The San Andreas Fault, a transform boundary, extends for approximately 800 miles through California.
Convergent, divergent and transform boundaries represent areas where the Earth’s tectonic plates are interacting with each other. Convergent boundaries, of which there are three types, occur where plates are colliding. Divergent boundaries represent areas where plates are spreading apart. Transform boundaries occur where plates are sliding past each other.
Oceanic vs. Continental Convergent Boundaries
When oceanic plates collide with continental plates, the denser oceanic plate is forced under the lighter continental plate. This process has three geological results. The continental plate is lifted upwards, creating mountains. As the oceanic plate subducts, a trench is formed. Finally, as the descending plate melts, it leads to volcanic activity on the surface of the continental plate. This is occurring where the oceanic Nazca Plate is subducting under the South American Plate, creating the Andes Mountains and the Peru-Chile Trench.
Oceanic vs. Oceanic Convergent Boundaries
When two oceanic plates collide, the older denser plate subducts. The results of this tectonic collision are similar to those involving oceanic and continental plates. A deep trench is formed on the seafloor. For example, the formidable Marianas Trench has been formed by the subduction of the Philippine Plate under the Pacific Plate. There is also undersea volcanic activity, which over time can form island chains. The Aleutian Peninsula in Alaska is an example of this type of island arc.
Continental vs. Continental Convergent Boundaries
When continental plates collide into one another, neither plate can subduct under the other because they are equally light and buoyant. Instead, they are pressed together under intense pressure. This pressure creates buckling and slipping, both vertically and horizontally. This is the process by which the largest mountains on Earth have been formed. For example, when the Indian and Eurasian Plates collided around 50 million years ago, the result was the formation of the Himalayas and Tibetan Plateau.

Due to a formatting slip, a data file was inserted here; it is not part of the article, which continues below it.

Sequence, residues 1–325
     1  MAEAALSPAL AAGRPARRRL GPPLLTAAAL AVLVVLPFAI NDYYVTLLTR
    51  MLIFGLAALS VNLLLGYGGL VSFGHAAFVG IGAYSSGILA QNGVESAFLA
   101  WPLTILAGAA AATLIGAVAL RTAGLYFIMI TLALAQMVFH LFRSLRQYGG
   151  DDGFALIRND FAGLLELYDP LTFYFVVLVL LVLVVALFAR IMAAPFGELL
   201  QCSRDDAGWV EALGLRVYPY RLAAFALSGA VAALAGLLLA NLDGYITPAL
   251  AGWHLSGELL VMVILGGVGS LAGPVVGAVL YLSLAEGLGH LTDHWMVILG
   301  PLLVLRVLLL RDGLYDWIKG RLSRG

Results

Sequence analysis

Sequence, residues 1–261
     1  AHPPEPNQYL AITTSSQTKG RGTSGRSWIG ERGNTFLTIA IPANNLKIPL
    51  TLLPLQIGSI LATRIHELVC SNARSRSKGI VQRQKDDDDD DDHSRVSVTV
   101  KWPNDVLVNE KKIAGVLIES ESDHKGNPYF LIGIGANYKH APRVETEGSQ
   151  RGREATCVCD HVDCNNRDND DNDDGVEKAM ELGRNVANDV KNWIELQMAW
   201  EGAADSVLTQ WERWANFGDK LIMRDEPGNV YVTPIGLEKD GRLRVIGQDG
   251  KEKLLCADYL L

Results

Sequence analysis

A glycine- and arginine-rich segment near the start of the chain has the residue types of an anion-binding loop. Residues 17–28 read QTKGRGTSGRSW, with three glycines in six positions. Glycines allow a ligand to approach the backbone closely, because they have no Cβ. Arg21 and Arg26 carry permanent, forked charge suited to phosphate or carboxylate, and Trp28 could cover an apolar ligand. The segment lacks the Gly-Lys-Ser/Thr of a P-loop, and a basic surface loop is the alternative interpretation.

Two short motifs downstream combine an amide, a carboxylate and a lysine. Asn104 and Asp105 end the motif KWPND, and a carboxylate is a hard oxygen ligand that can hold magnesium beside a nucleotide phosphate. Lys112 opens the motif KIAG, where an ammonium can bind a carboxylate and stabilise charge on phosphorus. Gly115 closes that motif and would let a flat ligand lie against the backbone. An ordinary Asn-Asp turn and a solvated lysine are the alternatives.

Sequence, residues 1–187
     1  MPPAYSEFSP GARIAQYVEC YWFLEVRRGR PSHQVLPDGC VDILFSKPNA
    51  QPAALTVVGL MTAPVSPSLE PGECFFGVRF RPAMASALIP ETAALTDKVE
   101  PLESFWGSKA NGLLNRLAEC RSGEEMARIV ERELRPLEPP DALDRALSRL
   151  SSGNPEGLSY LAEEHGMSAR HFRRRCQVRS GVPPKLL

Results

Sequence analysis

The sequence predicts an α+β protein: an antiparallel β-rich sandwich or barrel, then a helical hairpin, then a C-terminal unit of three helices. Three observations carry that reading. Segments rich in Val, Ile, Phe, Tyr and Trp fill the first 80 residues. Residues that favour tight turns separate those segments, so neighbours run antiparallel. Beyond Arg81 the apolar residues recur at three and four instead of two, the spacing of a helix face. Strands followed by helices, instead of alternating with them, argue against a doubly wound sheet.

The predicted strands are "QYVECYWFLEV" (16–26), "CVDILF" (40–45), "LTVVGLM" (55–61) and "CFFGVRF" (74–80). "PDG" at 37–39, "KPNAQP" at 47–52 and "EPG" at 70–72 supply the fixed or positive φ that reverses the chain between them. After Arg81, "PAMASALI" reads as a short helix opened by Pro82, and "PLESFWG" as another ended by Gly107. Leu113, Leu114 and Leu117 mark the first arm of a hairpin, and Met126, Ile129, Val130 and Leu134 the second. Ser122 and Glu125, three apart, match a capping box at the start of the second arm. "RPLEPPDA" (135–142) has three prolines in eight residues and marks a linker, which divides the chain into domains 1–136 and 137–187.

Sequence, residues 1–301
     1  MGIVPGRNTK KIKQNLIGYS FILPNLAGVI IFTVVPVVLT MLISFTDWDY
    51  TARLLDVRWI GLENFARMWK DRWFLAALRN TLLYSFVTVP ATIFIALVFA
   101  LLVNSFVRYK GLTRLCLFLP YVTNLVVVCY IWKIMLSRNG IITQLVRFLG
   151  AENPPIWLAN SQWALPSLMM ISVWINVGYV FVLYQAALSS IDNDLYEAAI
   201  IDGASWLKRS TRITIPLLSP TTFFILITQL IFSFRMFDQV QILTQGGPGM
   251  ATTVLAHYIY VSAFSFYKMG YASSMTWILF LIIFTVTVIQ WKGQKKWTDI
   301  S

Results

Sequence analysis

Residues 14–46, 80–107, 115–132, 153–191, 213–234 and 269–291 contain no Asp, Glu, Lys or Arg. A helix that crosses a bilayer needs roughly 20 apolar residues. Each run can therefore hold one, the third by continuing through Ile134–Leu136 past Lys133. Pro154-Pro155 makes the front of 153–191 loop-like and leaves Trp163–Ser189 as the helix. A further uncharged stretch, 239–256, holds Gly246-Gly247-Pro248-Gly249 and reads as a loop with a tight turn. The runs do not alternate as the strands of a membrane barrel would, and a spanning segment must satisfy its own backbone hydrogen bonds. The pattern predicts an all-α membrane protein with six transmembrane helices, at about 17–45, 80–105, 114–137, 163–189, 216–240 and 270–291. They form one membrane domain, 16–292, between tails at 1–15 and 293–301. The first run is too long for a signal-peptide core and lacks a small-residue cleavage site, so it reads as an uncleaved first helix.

Divergent boundaries occur where plates are spreading apart. This spreading is caused by convective forces in the molten magma below them. As they slowly spread apart, this fluid basalt lava fills the gap and quickly solidifies, forming new oceanic crust. When this occurs with continental plates, a rift valley is formed, such as the East African Rift. When this occurs with oceanic plates, a ridge is formed on the seafloor, such as the Mid-Atlantic Ridge. Iceland actually sits atop the Mid-Atlantic Ridge. Eventually, the island will be split into two separate land masses.
Transform boundaries occur where plates are sliding past one another. They are also called conservative boundaries because crust is neither destroyed nor created along them. Transform boundaries are most common on the seafloor, where they form oceanic fracture zones. When they occur on land, they produce faults. These fracture and fault lines typically connect offsetting divergent zones. For example, the San Andreas Fault connects the South Gorda divergent zone, north, to the East Pacific Rise, to the south. On the north end, this fault continues out into the Pacific Ocean as the Mendocino Fracture Zone. Along the San Andreas Fault, the Pacific Plate is moving to the northwest and the North American Plate is moving to the southeast.